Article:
Beetle study finds diversity in the sub-Antarctic linked to global cooling
An international research team led by Monash University has demonstrated that cooling temperatures and glacial cycles over the past 15 million years were essential for an explosion in terrestrial animal diversity throughout the Antarctic region.
Often considered inhospitable, the Antarctic boasts surprising species diversity within many animal groups. Until now, this has been mostly reported for marine life, with a legacy of extinction the prevailing narrative for Antarctic terrestrial animals.
Challenging this, the new study published in the Proceedings of the National Academy of Sciences uses cutting-edge genomic techniques to show that beetles on islands surrounding the Antarctic diversified in remarkable synchrony with the surrounding marine life, specifically as the climate cooled.
"Using next-generation sequencing, we studied the DNA from more than 520 genes across a group of sub-Antarctic beetles, which allowed us to look back in time at their evolution," said lead study author Dr. Helena Baird, a postdoctoral fellow at the Monash University School of Biological Sciences.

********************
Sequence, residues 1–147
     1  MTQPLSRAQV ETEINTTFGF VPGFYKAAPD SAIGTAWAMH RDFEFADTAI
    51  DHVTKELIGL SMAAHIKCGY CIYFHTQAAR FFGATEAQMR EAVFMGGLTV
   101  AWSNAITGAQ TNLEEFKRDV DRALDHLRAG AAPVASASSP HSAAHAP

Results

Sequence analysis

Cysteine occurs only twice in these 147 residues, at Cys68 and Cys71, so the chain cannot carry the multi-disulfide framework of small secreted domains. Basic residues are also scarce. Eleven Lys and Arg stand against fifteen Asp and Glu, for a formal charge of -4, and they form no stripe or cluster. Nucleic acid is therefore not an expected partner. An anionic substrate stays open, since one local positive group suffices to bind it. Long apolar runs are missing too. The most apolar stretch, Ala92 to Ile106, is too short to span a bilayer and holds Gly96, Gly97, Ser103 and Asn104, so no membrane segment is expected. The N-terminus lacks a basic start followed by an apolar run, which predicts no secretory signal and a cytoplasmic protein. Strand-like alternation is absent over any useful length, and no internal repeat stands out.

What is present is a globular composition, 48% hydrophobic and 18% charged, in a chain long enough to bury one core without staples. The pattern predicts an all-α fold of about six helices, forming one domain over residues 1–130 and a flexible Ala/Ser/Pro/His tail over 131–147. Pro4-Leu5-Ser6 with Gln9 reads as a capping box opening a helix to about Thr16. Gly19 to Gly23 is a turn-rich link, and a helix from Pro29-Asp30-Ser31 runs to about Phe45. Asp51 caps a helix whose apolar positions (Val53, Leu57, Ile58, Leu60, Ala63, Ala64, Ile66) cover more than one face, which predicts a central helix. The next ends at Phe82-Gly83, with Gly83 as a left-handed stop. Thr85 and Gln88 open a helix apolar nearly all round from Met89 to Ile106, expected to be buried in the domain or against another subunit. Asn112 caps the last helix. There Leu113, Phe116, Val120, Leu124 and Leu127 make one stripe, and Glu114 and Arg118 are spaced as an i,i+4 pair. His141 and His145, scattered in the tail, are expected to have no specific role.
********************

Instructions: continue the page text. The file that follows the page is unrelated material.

"We discovered that they colonized remote islands throughout the Antarctic at least 50 million years ago—from Africa, amazingly—but their speciation rates dramatically increased when global temperatures plummeted, 15 million years ago," Dr. Baird said.
"The very same pattern has been observed in many marine species, from penguins to icefish."
Since then, the Antarctic continued to cool, and the beetles in turn speciated ever faster. Over this time, the islands they inhabit were periodically fragmented by ice sheets, which likely promoted speciation by physically separating populations—the same process proposed to drive speciation on the seafloor.
"This changes the whole notion of Antarctica being considered a harsh place for life to evolve," Dr. Baird said.
"On the contrary: the colder it got, the more beetle species evolved. A similar history is likely to be uncovered for other plants and animals across the region if we look deeper."
Monash University's Professor Steven Chown, also involved in the research, added that the study "demonstrates the power of genomics as an innovative way to explore the history of climatic change and its effect on biodiversity in this isolated and frigid region."